DEC Issues Updated Regulations for Visitors to Peekamoose Blue Hole and Rondout Creek Area in Sundown Wild Forest

Last updated: May 15, 2021

New Regulations Promote Sustainable Visitation at Popular Catskills Destination

Permits Now Required Seven Days a Week May 15 through Sept. 15

From the NYSDEC Press Release on 5/14/2021:

The New York State Department of Environmental Conservation (DEC) today released updated regulations for visitors to the Peekamoose Blue Hole and nearby Rondout Creek area in the Sundown Wild Forest, town of Denning, Ulster County. DEC issued the new regulations as part of an ongoing effort to protect this resource and promote sustainable use. The regulations will help improve public safety and reduce environmental impacts in the area.

A map showing the Peekamoose Valley Riparian Corridor where permits will be required every day from May 15th through September 15th.

“This expanded permit system for the Peekamoose Blue Hole and Rondout Creek area will both protect public safety and the environmental health of this unique and irreplaceable resource,” said DEC Commissioner Basil Seggos. “To protect this special place for future generations of New Yorkers and promote more sustainable use at this location, the expanded permit system will help ensure an enjoyable experience for visitors.”

The updated regulations will expand the current permit system for this location and require a permit seven days a week, including holidays, from May 15 through Sept. 15. The permits will be required for all visitors to the Peekamoose Blue Hole and the nearby corridor along the Rondout Creek, including campers, picnickers, hikers, and anglers. The updated regulations:

  • Require visitors to obtain a permit for a $10 fee through Reserve America, consistent with fees for other recreation-oriented Day Use areas in the Forest Preserve;
  • Limit parking to designated parking areas only. Each permit will be linked to a vehicle, and the permit must be displayed on/in the vehicle;
  • Permits must list the names of all members of the visiting party when making the reservation. Names can be changed up to one day in advance;
  • Prohibit alcohol and coolers larger than 12″ in any dimension at the Blue Hole. Limited use will be allowed at nearby designated camping areas only; and
  • Camping permits are now required to reserve primitive tent sites in the Lower, Middle, and Upper fields. Visit Reserve America’s website to make a reservation.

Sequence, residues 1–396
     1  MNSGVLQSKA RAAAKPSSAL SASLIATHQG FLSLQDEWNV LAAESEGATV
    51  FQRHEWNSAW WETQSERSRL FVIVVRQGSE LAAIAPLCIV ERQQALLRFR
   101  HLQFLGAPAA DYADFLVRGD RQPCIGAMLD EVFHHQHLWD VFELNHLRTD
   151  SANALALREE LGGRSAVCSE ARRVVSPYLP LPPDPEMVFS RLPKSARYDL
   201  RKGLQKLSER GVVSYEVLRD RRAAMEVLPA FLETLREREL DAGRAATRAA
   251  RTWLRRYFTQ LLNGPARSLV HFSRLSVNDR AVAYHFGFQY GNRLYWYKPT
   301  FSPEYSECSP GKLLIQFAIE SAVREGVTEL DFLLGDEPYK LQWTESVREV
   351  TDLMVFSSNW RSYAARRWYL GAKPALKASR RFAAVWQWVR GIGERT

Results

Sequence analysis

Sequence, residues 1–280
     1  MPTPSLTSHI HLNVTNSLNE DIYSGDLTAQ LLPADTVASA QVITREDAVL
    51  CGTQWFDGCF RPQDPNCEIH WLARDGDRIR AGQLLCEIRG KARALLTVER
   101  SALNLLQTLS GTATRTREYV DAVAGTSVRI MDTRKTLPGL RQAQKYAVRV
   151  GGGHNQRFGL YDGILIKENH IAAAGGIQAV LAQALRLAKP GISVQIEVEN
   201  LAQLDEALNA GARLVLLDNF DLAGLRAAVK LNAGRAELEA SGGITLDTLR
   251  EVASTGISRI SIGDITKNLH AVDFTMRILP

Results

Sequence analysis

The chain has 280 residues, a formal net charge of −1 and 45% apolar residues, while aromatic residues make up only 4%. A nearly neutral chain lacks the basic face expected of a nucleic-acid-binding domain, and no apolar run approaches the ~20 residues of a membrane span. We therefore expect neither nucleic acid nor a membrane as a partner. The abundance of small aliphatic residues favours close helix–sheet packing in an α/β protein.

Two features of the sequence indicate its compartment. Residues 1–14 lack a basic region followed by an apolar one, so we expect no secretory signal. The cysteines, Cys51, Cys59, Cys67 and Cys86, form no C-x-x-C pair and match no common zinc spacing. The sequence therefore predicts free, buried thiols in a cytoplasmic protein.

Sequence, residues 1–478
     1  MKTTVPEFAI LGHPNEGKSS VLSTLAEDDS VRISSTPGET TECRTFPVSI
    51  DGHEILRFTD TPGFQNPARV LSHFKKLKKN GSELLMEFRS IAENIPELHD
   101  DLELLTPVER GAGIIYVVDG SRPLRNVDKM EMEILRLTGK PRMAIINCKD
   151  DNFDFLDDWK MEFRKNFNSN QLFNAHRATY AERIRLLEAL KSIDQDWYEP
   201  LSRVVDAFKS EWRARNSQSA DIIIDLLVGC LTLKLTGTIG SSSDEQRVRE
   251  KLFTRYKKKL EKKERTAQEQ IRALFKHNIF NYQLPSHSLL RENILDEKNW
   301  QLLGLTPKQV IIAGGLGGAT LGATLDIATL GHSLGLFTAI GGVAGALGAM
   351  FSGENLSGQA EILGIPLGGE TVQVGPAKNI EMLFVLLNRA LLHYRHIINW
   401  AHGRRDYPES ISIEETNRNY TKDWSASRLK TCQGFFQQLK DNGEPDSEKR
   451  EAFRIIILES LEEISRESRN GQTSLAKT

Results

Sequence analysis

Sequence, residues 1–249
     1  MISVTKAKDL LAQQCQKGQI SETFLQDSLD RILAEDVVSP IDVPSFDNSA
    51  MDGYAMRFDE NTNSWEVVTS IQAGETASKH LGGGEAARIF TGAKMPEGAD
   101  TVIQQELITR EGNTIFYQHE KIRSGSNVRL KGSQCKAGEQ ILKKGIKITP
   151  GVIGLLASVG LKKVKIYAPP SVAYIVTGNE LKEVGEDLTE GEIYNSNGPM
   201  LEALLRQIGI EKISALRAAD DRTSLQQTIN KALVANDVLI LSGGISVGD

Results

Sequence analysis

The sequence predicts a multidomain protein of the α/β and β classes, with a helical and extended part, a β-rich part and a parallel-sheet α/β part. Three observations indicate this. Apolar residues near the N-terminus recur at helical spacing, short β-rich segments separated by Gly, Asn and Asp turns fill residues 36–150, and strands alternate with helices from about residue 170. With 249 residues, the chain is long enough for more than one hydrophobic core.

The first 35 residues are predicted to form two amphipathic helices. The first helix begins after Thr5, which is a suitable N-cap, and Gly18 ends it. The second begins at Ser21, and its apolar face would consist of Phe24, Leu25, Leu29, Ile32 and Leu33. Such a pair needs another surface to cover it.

The expanded regulations for the Peekamoose Blue Hole and Rondout Creek area complement existing regulations. The Blue Hole is open to the public from one half hour before sunrise to one half hour after sunset, except for designated camp sites nearby, and users are required to use portable restroom facilities for human waste disposal and the dumpster for all other waste. In addition, the following activities and items are prohibited (with limited use allowed at the nearby designated camping area only):

  • Camping
  • All fires (including charcoal fires, wood fires, gas grills, propane stoves or other portable stoves)
  • Use of portable generators
  • Glass containers
  • Radios and other audio devices

“I appreciate the Department’s efforts to preserve and protect the Peekamoose Blue Hole and Rondout Creek area,” said Senator Mike Martucci. “The Expanded permit system will continue to allow for a great experience for visitors while furthering the goal of making sure this unique natural resource will have longevity. My thanks to Commissioner Seggos and his staff for a job well done.”

Assemblyman Brian Miller said, “Outdoor recreation, like camping, hiking and fishing offered in the Sundown Wild Forest at Peekamoose Blue Hole and Rondout Creek, has greatly increased in popularity in recent years. While this is wonderful news for rural tourism and the health of New Yorkers, it is also causing overuse of some of our more popular wild places. Having personally toured Peekamoose Blue Hole myself, I believe we can promote sustainable use, while protecting our environment and still allowing people to get out there and enjoy it – and I believe this plan will help accomplish those goals.”

“Ulster County is happy to work with DEC to make our outdoor recreation lands safer for all visitors to enjoy,” said Ulster County Executive Pat Ryan. “The revisions to the regulations for the Peekamoose Blue Hole Corridor, located in the Town of Denning, will do just that while also protecting the natural environment of this popular spot in the Catskills.”

“The Town of Denning is in support of these emergency regulations, for the Peekamoose Riparian Corridor, as the Town believes, it will aid in the safeguarding of our residents and visitors, alike, while enhancing our visitors experience.” said Denning Town Supervisor David Brooks.

Catskill Center Executive Director Jeff Senterman said, “We appreciate the thoughtful and measured response to high-use in the Peekamoose Valley Corridor. The Catskill Center has been a close partner with the DEC since the inception of a permit system for the Blue Hole, staffing the area with our full-time Catskill Stewards to help educate and inform visitors to the Blue Hole on how to recreate responsibly, and to help the DEC implement the permitting system. We look forward to an even stronger partnership this year, with more Stewards on site 7-days a week, as we all work to ensure public access, while protecting the Catskill Park’s unique natural resources.”

Visitors to the area are advised that parking along the shoulder of the road is prohibited by the town and is a tow-away zone. Visitors can find out more information on these and other destinations in the Catskills by visiting the Catskills Visitors Center at 5096 Route 28 in Mt. Tremper, NY, calling (845) 688 -3369, or visiting theĀ Catskills Visitors Center website.

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